In this paper, we would like to propose a simple linear constraint for convexity shape prior. It is derived from an import property of a smooth signed distance function (SDF).

SDF is used in the reinitialization step of the level set function (LSF) evolution based on level set method (LSM) [14]. [15, 16, 17, 18] proposed active contour based image segmentation models which took advantage of LSM. Chan and Vese [19] combine LSM with region based image segmentation method. Rada and Chen [20] used two level sets to achieve selective image segmentation. Compared with [20], Rada and Chen [21] achieved the same purpose using only one level set. Ali et al. [22] can segment multi-objects by only one level set. Although LSM is widely used, the LSF may develop irregularities during the level set evolution. Usually, a reinitialization of LSF is needed [19] during the curve evolutions. Exactly finding a SDF equals to solve the well-known Eikonal equation. For high computational efficiency, fast matching method [23] which is similar to Dijkstra’s algorithm [24] in graph can always be used to reinitialize SDF. Fast sweeping method [25] which uses Gauss-Seidel iteration with alternating sweeping ordering method is another alternative method for reinitialization task. To avoid direct reinitialization, Li et al. [26] proposed a penalty method by adding a nonconvex functional in the segmentation energy for the constraint . In papers [27, 28, 29], they extended this penalty method and proposed a two layers level set approach, the segmentation results are very similar to convexity shape. However, they could not give a theoretical condition to ensure convexity. In our numerical experiments, we will compare our new segmentation model with these edge and region based level set methods including the well-known Chan-Vese model.

In this paper, we show that the convex shape prior can be guaranteed by a simple constraint on the signed distance function. This constraint can be easily incorporated into variational models with LSM and solved efficiently by some constrained minimization techniques.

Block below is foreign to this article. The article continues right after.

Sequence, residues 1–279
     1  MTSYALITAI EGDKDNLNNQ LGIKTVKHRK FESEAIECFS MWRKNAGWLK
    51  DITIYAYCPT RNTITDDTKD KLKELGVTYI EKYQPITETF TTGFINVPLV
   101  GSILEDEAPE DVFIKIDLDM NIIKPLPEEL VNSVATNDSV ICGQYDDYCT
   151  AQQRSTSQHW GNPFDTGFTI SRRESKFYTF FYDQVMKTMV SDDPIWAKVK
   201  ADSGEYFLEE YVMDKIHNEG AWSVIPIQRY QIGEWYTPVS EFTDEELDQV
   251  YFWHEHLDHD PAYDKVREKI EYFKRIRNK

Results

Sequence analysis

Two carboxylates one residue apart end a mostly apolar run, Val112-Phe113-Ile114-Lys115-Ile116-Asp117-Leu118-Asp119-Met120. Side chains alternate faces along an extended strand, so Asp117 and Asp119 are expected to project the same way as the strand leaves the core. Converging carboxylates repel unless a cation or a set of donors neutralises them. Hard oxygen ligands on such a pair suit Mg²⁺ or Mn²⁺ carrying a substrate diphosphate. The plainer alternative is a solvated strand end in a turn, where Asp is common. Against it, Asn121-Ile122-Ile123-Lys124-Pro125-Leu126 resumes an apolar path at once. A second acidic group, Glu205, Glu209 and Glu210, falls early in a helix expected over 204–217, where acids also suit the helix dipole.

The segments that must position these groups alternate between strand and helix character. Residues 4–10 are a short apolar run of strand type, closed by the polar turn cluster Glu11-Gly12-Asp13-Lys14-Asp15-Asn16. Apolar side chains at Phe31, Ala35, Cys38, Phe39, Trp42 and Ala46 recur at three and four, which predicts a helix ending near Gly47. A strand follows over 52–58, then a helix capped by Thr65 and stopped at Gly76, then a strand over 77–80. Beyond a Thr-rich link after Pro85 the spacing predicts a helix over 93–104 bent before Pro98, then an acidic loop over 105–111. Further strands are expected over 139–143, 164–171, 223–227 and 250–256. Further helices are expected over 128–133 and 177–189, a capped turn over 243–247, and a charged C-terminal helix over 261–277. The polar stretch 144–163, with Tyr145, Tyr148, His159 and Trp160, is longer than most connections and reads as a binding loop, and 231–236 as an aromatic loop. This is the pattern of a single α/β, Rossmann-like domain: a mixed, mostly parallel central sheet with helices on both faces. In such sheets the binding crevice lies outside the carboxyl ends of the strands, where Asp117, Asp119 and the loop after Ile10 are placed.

The main contributions of this paper are very clear: firstly, we propose a simple linear inequality constraint for convex shapes prior based on signed distance functions. Secondly, an efficient active set based Gauss-Seidel algorithm is proposed to numerically handle this inequality constraint. Numerical experiments on real and synthetic images are supplied to show the effectiveness and quality of the proposed model and algorithm.

The rest of our paper is organized as follows: firstly, in section 2, some related works on level set segmentation and convex shapes prior are introduced. Nextly, a sufficient condition for convex shape prior together with some mathematical analysis are given in section 3. In the following section 4, we apply our method on the level set based models. Section 5 contains an algorithm that can strictly keep the proposed inequality constraint. Experimental results and some comparisons are shown in section 7. Finally, we conclude this paper in section 8.

2 Related works

In this section, firstly, we will introduce the popular Chan-Vese model. Then secondly, some convex shape prior methods would be given.

2.1 Chan-Vese Model

Chan-Vese model is proposed by Chan and Vese in [19], which is an image segmentation model based on level set method and energy minimization method.

The first part of the energy functional is called data term

(1)

Here is an arbitrary closed curve, denotes the region inside curve , as well as denotes the region outside curve , and are unknown constants, which denote the inner and outer means of the two region and , respectively.

The second part of the energy functional is called regularization term, as

(2)

where denotes the Length of curve , denotes the area of region .

Combine (1) and (2) together we have,

(3)

While in , we have the following equation,

Thus, we can set .

By introducing the Heaviside function , Dirac function and level set function , then (3) can be reformulated as

(4)

Here

and

In implementation, and can be replaced by some smoothed version, see [19]. It is easy to change the length term in the Chan-Vese model by a weighted length associated with an edge detector. Let us use the edge detector

Here G is a Gaussian kernel function, represents the convolution operator, and represents the gradient operator. The CV model with an edge detector is then

(5)

2.2 Convexity shape prior method by Gorelick et al.

Gorelick et al. [10] introduced a convexity constraint based on graph theory. In their work, the convexity of objects can be represented as a sum of 3-clique potentials by penalizing any 1-0-1 configuration on all straight lines. Here the label 1 denotes the object, the label 0 denotes the background in an image, with details below.